Eventually the colonists became impatient waiting for dead whales. Why rely on God or natural causes for whales to die and beach themselves, on weather and currents or wandering pilot whales to supply whale oil and bone, if they could row and sail out to force providence?

Thus the colonists, slowly at first, then with increasing regularity, took to the sea in their boats and went whaling — shore whaling that is, within a few miles from the beach, when whales ventured close to shore or in shallow waters. Although they would occasionally kill a humpback whale, or drive a school of pilot whales ashore, the focus of the whale hunt in Cape Cod in those early days was directed at the right whale. The species was given the name “right” because they were known as the right kind to take: they came closer to shore, were slow, floated when dead, and yielded a large amount of baleen (then called whalebone) and blubber.

Colonists used whaling methods that had been developed centuries earlier in Europe. The right and bowhead whales were almost the only species hunted at the time, especially at Spitsbergen.

Whaling from small boats had been taking place in the Northwestern Atlantic long before the colonization of America. Basques and other Europeans had moved whaling to the Newfoundland Banks, when the right whales they had been hunting en masse since the 12th and 13th century became scarce closer to home.

Active shore whaling in New England only really took off in the 1670s. On Cape Cod the years between the end of King Philip’s War (1678) and 1715 were the glory days of active shore whaling.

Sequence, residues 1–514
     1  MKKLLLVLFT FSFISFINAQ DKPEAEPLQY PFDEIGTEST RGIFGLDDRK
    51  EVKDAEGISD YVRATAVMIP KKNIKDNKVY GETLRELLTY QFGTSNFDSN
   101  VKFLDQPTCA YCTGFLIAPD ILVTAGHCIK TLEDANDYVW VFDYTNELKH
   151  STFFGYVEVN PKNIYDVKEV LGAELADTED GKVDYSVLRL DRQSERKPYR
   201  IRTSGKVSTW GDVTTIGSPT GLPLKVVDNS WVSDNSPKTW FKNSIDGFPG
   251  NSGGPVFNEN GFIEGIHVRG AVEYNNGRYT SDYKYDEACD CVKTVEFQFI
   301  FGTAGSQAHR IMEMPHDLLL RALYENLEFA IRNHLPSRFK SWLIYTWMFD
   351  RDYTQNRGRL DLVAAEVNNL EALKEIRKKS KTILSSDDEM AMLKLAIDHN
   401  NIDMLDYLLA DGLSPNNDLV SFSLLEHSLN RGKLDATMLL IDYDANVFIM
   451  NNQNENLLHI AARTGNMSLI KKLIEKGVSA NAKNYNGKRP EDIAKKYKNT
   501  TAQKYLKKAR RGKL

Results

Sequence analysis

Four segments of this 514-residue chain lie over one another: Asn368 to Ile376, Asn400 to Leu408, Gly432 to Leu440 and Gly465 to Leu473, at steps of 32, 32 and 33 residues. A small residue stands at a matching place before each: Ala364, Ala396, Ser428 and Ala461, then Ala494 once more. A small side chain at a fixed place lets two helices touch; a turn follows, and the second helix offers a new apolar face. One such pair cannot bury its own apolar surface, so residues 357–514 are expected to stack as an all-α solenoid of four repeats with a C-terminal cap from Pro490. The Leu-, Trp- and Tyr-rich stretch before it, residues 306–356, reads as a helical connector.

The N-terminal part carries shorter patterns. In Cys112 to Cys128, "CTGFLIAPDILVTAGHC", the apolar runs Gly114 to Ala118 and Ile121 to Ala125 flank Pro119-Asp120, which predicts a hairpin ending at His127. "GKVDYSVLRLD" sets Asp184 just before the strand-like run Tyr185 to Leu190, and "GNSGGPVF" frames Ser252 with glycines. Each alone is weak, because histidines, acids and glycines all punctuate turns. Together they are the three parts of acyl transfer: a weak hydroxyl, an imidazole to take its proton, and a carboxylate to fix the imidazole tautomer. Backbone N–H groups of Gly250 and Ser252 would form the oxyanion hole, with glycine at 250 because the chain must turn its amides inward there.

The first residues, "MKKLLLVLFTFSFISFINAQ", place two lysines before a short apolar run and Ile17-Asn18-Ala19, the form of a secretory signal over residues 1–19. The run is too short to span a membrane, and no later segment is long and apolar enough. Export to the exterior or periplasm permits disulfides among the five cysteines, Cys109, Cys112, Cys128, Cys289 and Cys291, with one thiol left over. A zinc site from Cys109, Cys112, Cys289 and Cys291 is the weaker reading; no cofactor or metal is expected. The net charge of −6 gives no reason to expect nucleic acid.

Whales were food for the early colonists just as for the Faroese. Europeans had eaten whale for centuries during the Middle Ages as an alternative to the meat of land animals, which was taboo on lean days — more than half of the days of the year on the Christian calendar.

On American whaling ships, blackfish were taken for lighting oil, extracted from the head and blubber, and for a supply of fresh meat. As the colonies grew richer, whale meat became food “for Indians and swine to eat,” but on Cape Cod, obtaining oil from pilot whales and using them as food continued well into the 20th Century, as Cape Codders were too frugal to forego any bounty offered by the sea. As in Taiji, Japan, it was a dish more for local “fishermen,” rather than the general population of the colonies.

In the 1720s, throughout colony waters, whales were becoming scarce. In 1737 Provincetown killed only two small whales; in 1738 Yarmouth men killed but one whale that season; in 1739 just two whales were taken at Sandwich; and in 1746 only three or four whales were caught throughout all of Cape Cod.

This serves as a reminder that it does not take an industrialized society to wipe out a species.

Whaling went from shore-based to vessel-based and spread around the world — with New England’s Nantucket as the global leader in this first oil-boom industry.

Not until the 1880s, with the invention of the bomb-lance, was there a shore whaling revival in Cape Cod when whalers went after fins and humpbacks. The bow-mounted harpoon-canon, on steam- and later diesel-powered ships, soon followed. Modern whaling came to the Faroes as well at that time.

Now not a single species of whale was safe from humans anymore, anywhere.

After 1715, shore whaling declined, as had drift whaling thirty years earlier. On Cape Cod, shore whaling was no longer a thriving winter industry, but by this time, many blackfish were taken during summer. The Cape Codders had turned to another oil-producing animal: the pilot whale.

Blackfish arrived in summer, while the other whales arrived in winter. They were seldom seen earlier than June or later than December.

The excellent history book “Cape Cod Shore Whaling” by John Braginton-Smith and Duncan Oliver, from which much of the above information is derived, says:

“Try-yards that appear in records after the civil war (1865) were used mostly for blackfish, rather than by original shore whalers.”